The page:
Prognosis: Better

Prognosis: Better

With January's month of conferences behind us I can report that I heard relatively good news from most growers for the 2010 season. Not everyone had a good year. Some process growers' stock was undersize, or some growers were hit by psyllid. I spoke with seed growers whose crops were hit by an early frost or heavy rains prevented them from bringing in their crops. But, overall, the economic health of the industry is stronger at this time than a year ago and the outlook for the coming year has the potential to be a good one. One reason for the positive outlook is rising world grain prices. The general consensus is that potato acreage should/could remain stable while farmers put additional acreage into grain production. Stay tuned, it's all speculation at this point in time. When speaking of positive outlooks, Justin Dagen is someone…  » Read more
Spudman 7: Chris Voigt

Spudman 7: Chris Voigt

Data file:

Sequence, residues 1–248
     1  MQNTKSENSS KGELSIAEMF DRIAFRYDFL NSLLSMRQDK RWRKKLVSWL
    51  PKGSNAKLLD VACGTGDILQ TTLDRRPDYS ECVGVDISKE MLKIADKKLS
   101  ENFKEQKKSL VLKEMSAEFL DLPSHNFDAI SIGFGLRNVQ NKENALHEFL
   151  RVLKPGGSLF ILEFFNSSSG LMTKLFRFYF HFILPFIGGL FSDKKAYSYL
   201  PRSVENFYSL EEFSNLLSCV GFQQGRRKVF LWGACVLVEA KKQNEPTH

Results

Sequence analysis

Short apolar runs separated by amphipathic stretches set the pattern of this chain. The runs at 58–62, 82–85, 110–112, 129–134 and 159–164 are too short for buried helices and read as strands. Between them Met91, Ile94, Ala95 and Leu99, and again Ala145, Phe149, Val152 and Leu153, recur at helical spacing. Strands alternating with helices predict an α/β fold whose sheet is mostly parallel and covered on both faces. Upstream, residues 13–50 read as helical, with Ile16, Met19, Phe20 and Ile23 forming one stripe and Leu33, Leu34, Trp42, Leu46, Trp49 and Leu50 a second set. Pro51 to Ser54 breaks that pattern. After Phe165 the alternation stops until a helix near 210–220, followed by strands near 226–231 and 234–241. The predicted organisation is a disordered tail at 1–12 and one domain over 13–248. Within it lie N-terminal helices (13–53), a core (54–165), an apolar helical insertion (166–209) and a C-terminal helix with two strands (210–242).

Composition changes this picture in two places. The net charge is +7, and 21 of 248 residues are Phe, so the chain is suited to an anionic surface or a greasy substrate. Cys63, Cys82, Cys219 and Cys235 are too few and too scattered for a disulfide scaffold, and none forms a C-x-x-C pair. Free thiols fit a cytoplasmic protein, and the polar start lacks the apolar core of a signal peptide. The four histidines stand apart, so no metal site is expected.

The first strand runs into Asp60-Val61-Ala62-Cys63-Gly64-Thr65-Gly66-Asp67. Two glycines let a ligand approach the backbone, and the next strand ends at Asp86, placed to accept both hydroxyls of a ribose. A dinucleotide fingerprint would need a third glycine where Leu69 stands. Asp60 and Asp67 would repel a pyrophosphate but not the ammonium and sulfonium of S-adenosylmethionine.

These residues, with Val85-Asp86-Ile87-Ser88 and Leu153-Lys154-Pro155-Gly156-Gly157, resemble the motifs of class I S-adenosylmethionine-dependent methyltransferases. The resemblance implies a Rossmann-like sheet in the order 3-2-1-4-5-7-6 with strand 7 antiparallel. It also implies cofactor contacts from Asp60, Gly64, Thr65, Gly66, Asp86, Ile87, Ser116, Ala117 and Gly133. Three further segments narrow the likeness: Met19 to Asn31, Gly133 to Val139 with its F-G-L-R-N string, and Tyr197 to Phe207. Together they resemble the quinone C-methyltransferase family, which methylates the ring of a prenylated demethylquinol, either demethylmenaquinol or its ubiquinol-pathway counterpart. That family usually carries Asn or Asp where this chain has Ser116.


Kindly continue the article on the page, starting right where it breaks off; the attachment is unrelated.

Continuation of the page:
Chris Voigt is the executive director of the Washington State Potato Commission (WSPC) and director of Environmental and Regulatory Affairs. Chris was raised in a rural part of the Willamette Valley in Oregon. He served as the State FFA President in Oregon and graduated from Oregon State University with a degree in agriculture economics. In 1997, he started work at the U.S. Potato Board and was responsible for industry communications. He left the board in 2002 to work as the executive director of the Colorado Potato Administrative Committee, focusing on developing a new marketing campaign and started their involvement in governmental affairs. As executive director of the WSPC his primary responsibility is legislative and regulatory affairs, but lately he has focused on spreading the word about potato nutrition. He and his wife, Stephanie, have two children, Christopher, age 9, and Madeline, age 6. What are…  » Read more